By John Mary
BBC News, Trivandrum
An Indian actress has kicked up a storm after revealing that she had unwittingly touched the idol of a deity at a prominent temple where fertile women are banned from entering.
Jayamala says she prayed for her husband's health at the temple
Jayamala, 46, has said she had prayed for her late husband's health at the famous southern Indian hill shrine of Lord Ayyappa at Sabarimala in Kerala state in April 1987.
Women who are fertile are barred from the temple because of the legend that Lord Ayyappa, to whom the temple is dedicated, was a confirmed bachelor.
The controversy is about the violation of a tradition that women aged between 10 and 50 years are barred from worshipping at the temple in keeping with the Hindu belief that the presence of menstruating women in its premises would mar the sanctity of the shrine.
Shaken by the actress's statement, temple officials have decided to launch an investigation into the incident.
"We cannot just ignore it. It is unthinkable that such a thing could happen. We have to find out the truth," senior official G Raman Nair said.
A minister in the Communist state government has also taken a serious view of the actress's statement.
"She is liable for prosecution if what she said is true," said G Sudhakaran.
'Figment of imagination'
Jayamala has said she regretted her action, but clarified that she was pushed into the shrine by a crowd of devotees.
"I fell flat on the floor, touching the feet of the Lord. It was a moment of ecstasy. I didn't know then that I wasn't supposed to touch the idol," she told reporters.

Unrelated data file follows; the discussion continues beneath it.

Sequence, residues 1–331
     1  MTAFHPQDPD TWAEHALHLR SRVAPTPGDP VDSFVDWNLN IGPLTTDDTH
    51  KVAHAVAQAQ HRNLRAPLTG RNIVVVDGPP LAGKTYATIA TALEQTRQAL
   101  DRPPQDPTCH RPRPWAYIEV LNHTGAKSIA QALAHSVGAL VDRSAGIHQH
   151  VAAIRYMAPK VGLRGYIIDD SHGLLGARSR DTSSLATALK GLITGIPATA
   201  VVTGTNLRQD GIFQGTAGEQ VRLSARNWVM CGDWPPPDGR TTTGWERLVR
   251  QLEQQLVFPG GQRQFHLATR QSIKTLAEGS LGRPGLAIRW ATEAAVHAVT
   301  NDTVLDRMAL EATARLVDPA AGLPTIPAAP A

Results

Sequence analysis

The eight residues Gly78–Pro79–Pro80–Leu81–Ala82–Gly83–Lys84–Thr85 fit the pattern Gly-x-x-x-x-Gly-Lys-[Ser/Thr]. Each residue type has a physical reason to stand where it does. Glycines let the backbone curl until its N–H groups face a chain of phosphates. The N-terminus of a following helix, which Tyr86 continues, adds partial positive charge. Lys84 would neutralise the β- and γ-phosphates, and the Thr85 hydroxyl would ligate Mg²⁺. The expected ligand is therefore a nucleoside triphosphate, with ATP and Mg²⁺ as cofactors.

"When I got up, a priest standing nearby gave presented me a rose. As I came out, devotees touched me in veneration because I had felt the Lord."
A temple priest Kantararu Maheswararu had dismissed the actress's statement as a figment of her imagination.
The temple attracts thousands of male devotees [Pic: Anil Warrier]
"How could Jayamala, then 27 years old, slip through several rungs of security and reach the innermost precincts of the Lord where women between puberty and menopause are strictly barred from entering?," he said.
"The distance between the temple doors and the idol is at least 15 ft and to reach there one has to climb five steps. How can she claim she was shoved all the way up and thrown 15 ft towards the temple."
Why did Jayamala make her 'disclosure' after nearly two decades?
The actress said she read a newspaper report a fortnight back saying that a group of astrologers had found that the "temple had been defiled by the presence of a woman artiste in the past two decades".
The team of astrologers was led by Parappanangadi Unnikrishna Panicker, whose celebrity clientele includes former Tamil Nadu chief minister J Jayalalitha.
This is not the first time that an actress has found herself in the middle of a controversy involving the temple.
Sudha Chandran and co-stars on the cast of a Tamil film were accused of defiling the temple when they danced on its steps a few years ago.
A devotee took them to court. Chandran and her fellow actors were fined and set free.
The controversy has sparked off a debate on the discrimination towards women in a literate state like Kerala.
Women devotees of Lord Ayyappa are disappointed that they should be discriminated against in the name of temple sanctity.
Astrologers said the deity had been defiled [Pic: Anil Warrier]
"It would be primitive to keep women of fertile age off the temple citing decadent myths," lamented a woman on local television.
The controversy is not going to die down since Hindu activists have demanded a proper atonement by those defiled the temple, especially by Jayamala.
Some eight to ten million devotees worship at the temple every year.
The shrine earns revenues worth one billion rupees from pilgrims from all over the country.